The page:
We make choices that correlate with our thought pattern. Most of us, if we are in our right mind, we think rationally and act accordingly. The people who express the most gratitude are those who choose to accept every situation as it is. We find humble peace in knowing that we have more of the good things we want by being thankful for whatever we have. If we choose to think of our situation in positive terms, by finding the good in everything, we will find ourselves choosing to be thankful right where we are, for whom we have in our lives, and what we are doing.
Choice is a powerful tool in the arsenal of humanity. It is a mighty weapon on the battlefield of life. Our survival and success in the world hinges upon the choices we make each and everyday.
Perhaps, we went to an exotic island for three weeks and everything was absolutely perfect – you had money, good food, a beautiful place to stay, and all the amenities you needed at your disposal. Seemingly, when you’re in this wonderful place, you have no problems to solve, conflicts to resolve, bills to pay, or broken relationships to fix. This place is peaceful and you are grateful for the tranquility that calms your soul. Now, let’s say you’re back at home. You don’t necessarily have everything you need. Seemingly, when you’re at home, problems come out of nowhere all the time, the house must be cleaned, children must be dressed each morning and taken to school, bills are high, money is low, life is hectic, and you have to make a mad dash every morning to a job you don’t particularly like. In contrast to the peaceful exotic island we were in a minute ago, this place called home is noisy and dysfunctional and you are not particularly happy or grateful.
Was it the place that made you happy and grateful or was it your state of mind in the place that determined this for you? The choices we make change when our thoughts change. Perhaps, the peaceful, happy, grateful person on the exotic island could be the same peaceful, happy, grateful person in the noisy, busy house. The choice to be grateful is not based on location or situation, instead, it’s based on our minds and how we choose to think about our location or our situation. If we choose to embody gratitude it does not matter whether our situation is good or bad. We can make the choice to make a right decision in a bad situation.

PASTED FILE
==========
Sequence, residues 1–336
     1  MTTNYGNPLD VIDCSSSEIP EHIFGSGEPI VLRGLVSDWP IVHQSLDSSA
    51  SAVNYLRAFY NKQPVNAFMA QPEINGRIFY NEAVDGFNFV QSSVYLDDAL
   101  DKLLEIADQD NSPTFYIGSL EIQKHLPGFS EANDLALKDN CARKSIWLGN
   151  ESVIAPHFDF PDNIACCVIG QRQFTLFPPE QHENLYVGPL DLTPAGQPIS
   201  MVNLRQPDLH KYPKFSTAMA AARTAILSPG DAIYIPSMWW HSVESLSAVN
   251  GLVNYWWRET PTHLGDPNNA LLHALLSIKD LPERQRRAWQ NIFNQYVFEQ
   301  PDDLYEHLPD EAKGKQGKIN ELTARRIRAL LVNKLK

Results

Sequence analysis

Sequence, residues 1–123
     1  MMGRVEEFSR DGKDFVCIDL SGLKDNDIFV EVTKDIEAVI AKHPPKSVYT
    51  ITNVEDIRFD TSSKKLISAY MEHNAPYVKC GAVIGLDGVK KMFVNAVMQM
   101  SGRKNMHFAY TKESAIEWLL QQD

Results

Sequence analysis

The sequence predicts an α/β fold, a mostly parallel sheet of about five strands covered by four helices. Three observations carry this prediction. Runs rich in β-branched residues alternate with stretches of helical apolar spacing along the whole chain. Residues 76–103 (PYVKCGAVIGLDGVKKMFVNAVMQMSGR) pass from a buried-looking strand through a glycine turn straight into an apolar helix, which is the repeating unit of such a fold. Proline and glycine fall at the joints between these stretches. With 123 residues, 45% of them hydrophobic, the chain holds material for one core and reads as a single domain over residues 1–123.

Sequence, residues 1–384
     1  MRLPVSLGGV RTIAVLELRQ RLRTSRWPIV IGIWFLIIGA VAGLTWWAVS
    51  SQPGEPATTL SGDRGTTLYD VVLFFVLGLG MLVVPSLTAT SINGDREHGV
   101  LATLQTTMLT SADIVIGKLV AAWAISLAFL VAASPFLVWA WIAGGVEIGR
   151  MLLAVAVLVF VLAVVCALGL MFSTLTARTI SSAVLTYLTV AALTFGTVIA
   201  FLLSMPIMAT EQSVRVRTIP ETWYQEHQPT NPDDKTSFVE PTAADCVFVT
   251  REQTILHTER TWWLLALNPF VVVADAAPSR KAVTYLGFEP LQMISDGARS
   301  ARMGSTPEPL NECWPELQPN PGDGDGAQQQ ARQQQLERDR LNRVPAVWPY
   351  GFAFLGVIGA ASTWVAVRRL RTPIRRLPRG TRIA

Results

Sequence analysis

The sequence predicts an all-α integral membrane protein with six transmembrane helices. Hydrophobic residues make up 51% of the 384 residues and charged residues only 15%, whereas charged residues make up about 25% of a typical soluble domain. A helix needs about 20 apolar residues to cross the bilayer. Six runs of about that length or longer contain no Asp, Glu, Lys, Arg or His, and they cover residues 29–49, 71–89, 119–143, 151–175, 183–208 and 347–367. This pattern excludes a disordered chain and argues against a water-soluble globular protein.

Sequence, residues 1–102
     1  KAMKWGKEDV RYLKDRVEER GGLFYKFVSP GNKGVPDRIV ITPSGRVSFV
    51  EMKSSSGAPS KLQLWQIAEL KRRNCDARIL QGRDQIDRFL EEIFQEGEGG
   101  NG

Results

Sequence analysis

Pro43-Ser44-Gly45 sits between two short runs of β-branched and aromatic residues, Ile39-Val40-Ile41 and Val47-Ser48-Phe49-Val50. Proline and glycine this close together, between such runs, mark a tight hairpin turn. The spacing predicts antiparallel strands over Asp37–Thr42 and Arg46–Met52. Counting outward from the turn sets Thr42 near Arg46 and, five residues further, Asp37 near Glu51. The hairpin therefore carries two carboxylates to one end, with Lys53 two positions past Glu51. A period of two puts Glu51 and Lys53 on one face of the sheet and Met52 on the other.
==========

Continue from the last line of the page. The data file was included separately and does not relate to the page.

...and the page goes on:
Sometimes, we fail to choose gratitude. Oftentimes, our situations are not ideal. We may think others have it better than we do. In truth, that’s not the case, but we think it is. Getting more stuff or going more places will never make us grateful, just like those things can never make us happy. When we fail to choose gratitude, we forfeit the life of joy and peace that is available to all of us. This is the life God has created for us to live. If we don’t choose gratitude, we will, by default, choose ingratitude. We can be as grateful as we make up our minds to be.
The story is told of a man who gave his two sons each a bucket of sand that contained small iron pieces. After sifting their hands through the sand for a while, one boy began to complain that he wasn’t finding anything. The other boy, however, ran off and found a square magnet. When he returned, he began to drag the magnet through the sand and the small iron pieces attached themselves to it. While the little boy who complained found nothing at all, the little boy with the magnet found more than he needed.
You see, there is a mighty difference between grumbling and gratitude. When we choose to grumble and complain, we forfeit blessings that would otherwise come our way. We distance the many good things and sometimes, even good people, that could come into our lives because we choose grumbling over gratitude. When we choose gratitude, however, not only do we find blessings, but strangely, blessings find us.